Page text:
Moonlighting: An idea whose time has come

In this Founding Fuel Masterclass, Satish Pradhan, TN Hari, Surabhi Sanchita and Kavi Arasu unpack the undercurrents and how leaders are thinking about it

Founding Fuel

In early August Swiggy announced its “industry-first” policy on moonlighting. This comes at an interesting juncture—two years of Covid have upended many notions about work, employment and moonlighting. What really lies behind this change and these conversations?

In this Founding Fuel Masterclass, Satish Pradhan, TN Hari, Surabhi Sanchita and Kavi Arasu unpack the undercurrents and how leaders are thinking about it.

What’s at play

  • Fairness: An employer bought a certain number of hours from the employee. But now, for knowledge workers, employers expect them to be available at all times. Employers’ expectations have changed. Yet the expectation that employees can't do anything else in their spare time is unfair.
  • Trust: In the West, it’s common to do part time jobs to indulge their passion or for financial support. One can’t share trade secrets, but apart from that people should be allowed to do what they want. 
  • Identity: At one point in time, the employer set the identity for people. Now having a portfolio of skills has become more important—that I can market myself. At the same time, availability and access to this kind of work opportunity has increased exponentially post-Covid.

“These are important societal shifts at the broader level.” – Kavi Arasu

  • It’s a necessity for some: The job losses during the pandemic made many people in the unorganised and even organised sector more vulnerable. A restaurant worker’s first response was, ‘some job is better than no job’. [Gig work or working two shifts became necessary to make ends meet.]

“The notion of whole time employment meant 24-hours, I own this asset. One assumption that’s changed today is people want access to capability and are not concerned with ownership of the asset.” - Satish Pradhan

The environment is changing for knowledge workers. And IT firms are resisting those changes

  • The rising trend of gig work: Gig work is pretty common in the blue collar category. The pandemic enabled this for white collar workers, as they were forced to work from home, and could access cross-border opportunities; payments became easier.
  • Stagnant wages at entry level: IT companies are operating in grey areas when it comes to fairness in dealing with employees—contracts are asymmetric and one-sided. Their contracts with clients have a clause where price escalation is related to wage inflation. But wage inflation doesn't happen. These companies have been able to keep entry-level salaries on campuses almost constant. That’s their entire business model. Keep the bottom of the pyramid cost fixed. 
  • No redressal: It is unfair to deny the freedom to form associations. Ecommerce companies have unfair liability clauses where the delivery person is forced to pick up the cost of a misplaced item, and he has no way to seek redressal.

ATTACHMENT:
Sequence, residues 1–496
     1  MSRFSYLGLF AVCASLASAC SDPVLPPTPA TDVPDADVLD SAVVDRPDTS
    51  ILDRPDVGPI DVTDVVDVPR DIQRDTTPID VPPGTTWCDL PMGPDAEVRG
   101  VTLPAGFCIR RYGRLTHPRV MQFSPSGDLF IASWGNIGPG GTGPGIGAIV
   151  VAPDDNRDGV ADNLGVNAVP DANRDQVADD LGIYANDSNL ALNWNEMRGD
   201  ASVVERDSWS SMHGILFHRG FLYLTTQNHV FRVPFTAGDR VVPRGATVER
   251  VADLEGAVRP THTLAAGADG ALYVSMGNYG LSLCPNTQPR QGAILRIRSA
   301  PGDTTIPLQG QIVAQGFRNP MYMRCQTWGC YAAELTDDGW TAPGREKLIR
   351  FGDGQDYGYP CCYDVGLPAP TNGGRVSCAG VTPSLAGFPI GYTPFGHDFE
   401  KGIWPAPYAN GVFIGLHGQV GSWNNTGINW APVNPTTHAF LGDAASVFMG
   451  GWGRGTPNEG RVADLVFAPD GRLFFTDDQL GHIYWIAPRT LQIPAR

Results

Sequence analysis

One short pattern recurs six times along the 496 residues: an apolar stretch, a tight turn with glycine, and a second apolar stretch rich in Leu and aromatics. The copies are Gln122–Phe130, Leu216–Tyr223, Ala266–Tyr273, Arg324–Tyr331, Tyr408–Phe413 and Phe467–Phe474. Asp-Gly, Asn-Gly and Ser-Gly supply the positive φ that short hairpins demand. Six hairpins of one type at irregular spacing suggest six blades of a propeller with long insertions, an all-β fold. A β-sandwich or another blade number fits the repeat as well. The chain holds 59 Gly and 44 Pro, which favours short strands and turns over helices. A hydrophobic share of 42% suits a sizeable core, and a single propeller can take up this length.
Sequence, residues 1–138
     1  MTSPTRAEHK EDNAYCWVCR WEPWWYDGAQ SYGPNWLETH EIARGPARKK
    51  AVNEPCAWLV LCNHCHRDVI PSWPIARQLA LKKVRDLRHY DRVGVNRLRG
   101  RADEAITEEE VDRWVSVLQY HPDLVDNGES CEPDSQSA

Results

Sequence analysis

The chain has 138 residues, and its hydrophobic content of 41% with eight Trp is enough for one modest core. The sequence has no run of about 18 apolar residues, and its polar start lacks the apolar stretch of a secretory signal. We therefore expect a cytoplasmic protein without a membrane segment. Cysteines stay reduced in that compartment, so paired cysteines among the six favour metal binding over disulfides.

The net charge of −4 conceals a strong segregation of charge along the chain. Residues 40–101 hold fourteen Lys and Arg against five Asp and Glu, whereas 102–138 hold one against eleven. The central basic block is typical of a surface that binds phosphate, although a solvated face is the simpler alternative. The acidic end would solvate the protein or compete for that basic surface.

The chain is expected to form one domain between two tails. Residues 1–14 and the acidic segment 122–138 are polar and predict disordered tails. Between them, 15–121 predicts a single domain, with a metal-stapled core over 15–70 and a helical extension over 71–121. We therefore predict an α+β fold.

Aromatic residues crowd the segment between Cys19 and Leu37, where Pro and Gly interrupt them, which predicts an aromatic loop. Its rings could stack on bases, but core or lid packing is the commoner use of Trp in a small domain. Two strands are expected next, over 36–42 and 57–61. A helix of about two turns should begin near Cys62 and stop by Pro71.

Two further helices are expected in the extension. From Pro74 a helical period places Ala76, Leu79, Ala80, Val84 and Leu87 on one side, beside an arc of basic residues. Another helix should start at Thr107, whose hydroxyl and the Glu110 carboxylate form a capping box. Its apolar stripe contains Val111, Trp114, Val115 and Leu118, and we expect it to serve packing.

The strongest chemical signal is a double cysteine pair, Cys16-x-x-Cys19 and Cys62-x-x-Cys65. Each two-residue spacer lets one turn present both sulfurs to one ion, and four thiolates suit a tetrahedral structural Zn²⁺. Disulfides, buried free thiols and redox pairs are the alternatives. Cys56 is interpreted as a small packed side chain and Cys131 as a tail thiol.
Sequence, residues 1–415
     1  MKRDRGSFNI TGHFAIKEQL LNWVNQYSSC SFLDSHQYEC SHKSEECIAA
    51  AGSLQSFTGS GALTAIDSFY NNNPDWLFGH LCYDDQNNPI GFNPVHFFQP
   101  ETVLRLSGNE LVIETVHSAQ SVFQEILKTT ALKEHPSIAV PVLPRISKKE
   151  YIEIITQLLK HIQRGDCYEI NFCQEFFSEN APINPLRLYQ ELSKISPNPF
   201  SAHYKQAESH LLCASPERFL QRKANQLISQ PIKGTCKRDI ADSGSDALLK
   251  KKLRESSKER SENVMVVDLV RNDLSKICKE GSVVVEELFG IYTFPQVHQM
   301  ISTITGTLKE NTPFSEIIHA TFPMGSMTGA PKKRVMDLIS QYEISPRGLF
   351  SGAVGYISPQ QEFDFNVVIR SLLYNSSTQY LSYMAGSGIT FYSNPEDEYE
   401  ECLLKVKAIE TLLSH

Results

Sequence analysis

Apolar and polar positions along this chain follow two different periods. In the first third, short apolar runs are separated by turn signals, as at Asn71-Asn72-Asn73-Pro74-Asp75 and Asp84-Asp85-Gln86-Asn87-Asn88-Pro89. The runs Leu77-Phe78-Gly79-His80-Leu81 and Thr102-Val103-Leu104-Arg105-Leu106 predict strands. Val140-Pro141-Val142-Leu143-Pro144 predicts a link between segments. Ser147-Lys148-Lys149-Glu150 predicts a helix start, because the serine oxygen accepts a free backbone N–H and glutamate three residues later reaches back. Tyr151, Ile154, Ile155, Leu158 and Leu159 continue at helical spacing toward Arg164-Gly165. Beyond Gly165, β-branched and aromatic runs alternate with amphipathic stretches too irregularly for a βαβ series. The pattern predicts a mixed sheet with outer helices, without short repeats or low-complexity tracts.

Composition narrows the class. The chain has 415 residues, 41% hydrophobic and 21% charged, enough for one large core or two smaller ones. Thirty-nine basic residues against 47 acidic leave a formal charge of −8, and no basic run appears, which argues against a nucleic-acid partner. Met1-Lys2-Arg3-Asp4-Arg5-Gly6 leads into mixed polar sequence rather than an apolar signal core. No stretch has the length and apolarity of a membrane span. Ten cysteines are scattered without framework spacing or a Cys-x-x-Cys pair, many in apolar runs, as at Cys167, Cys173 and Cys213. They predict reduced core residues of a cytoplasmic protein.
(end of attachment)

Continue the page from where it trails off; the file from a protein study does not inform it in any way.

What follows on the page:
• Work is no longer 9-5, but the rules of employment are outdated: There was a rule that said you can’t do other work on company premises. Which is outdated, because employees perform company work in their own premises (their homes). Work is no longer 9-5. When work itself has become flexible, how employees use their time should also have some fairness.

“I think there’s no need even for an employee to disclose what they do in their free time. Whenever a big trend is taking shape, two groups begin to form. One decides to ride the trend; the other resists till it becomes inevitable and they are forced to adapt.” - TN Hari

Symptom of a transactional relationship

Is moonlighting a symptom or a solution? - VJ Rao, FF subscriber

  • What’s a job really? A job has three components
    • A legal contract
    • A task contract
    • A psychological contract—do I belong to this place?
  • Over time, the contracts have become one-sided and the relationships have become transactional.  
  • Another important thing to understand is, is my job challenging enough in my regular space? We mistakenly assume that people moonlight only for money.
  • Are there good strong relationships within the setup? If those are missing as well, then moonlighting is a symptom.
  • Therefore, moonlighting can offer solutions to a wide array of issues.

“If the Gen-Z are not feeling connected with the organisation or don’t enjoy their work, there’s definitely a problem.” - Surabhi Sanchita


What does moonlighting do to our notions of rest and rejuvenation? - Anmol Srivastava

  • Workers are also stakeholders in managing a transition.
  • People are struggling with this because of the paradigm of employment that we’ve grown to understand.  We’ve worked in large organisations where we’ve had a notion of a well-intentioned legal contract, an intent to ensure rest and rejuvenation (with leave travel, building holiday homes, etc)
  • Most of the people doing these side gigs are doing it for passion, and if you enjoy what you do, burnout doesn’t happen.
  • Burnout is really a problem for employees working in organisations, doing work day after day, working on weekends, doing work they don’t like. 

“What explains the large number of reported burnouts?... Moonlighting is prevalent at the level which is significantly above the minimum wage level. It is about more competitive earnings as well. It is also happening [in a few cases] at the very high end—at the level of a real deep tech player… more burnout is happening because people are burning the midnight oil in the organisations that they are working in.” - Satish Pradhan

Moonlighting and innovation/creativity

Many new ventures are set up by entrepreneurs while they do their day jobs. Isn’t it possible for companies to see this as an innovation driver and a new venture tool? - Ajay Kelkar

  • There are many organisations like Flipkart and TaxiForSure that engendered this. They encouraged employees to have fun and build their own thing. They didn’t see it as a problem at all. 
  • People are passionate and want to do something extra.

Passion and excitement

You first need to decide what excites you and what you can do toward that goal. But can you slice your excitement and say that these are my time zones when I am in my zone? - Stephen Poonnen 

  • Is excitement an input or an outcome? If you look at it as an input, that I need to be excited to pursue something, then the question is, when am I excited enough to do x, and how can I compartmentalise a few things?
  • But if you look at it as an outcome—when I do this I get excited—then you start looking at what do I do that gives me this excitement? And then you can see how much time you have and how you play with it. 
  • There is no definiteness to what exactly will excite me. That’s where a portfolio of skills and experiences counts. You do a bunch of experiments.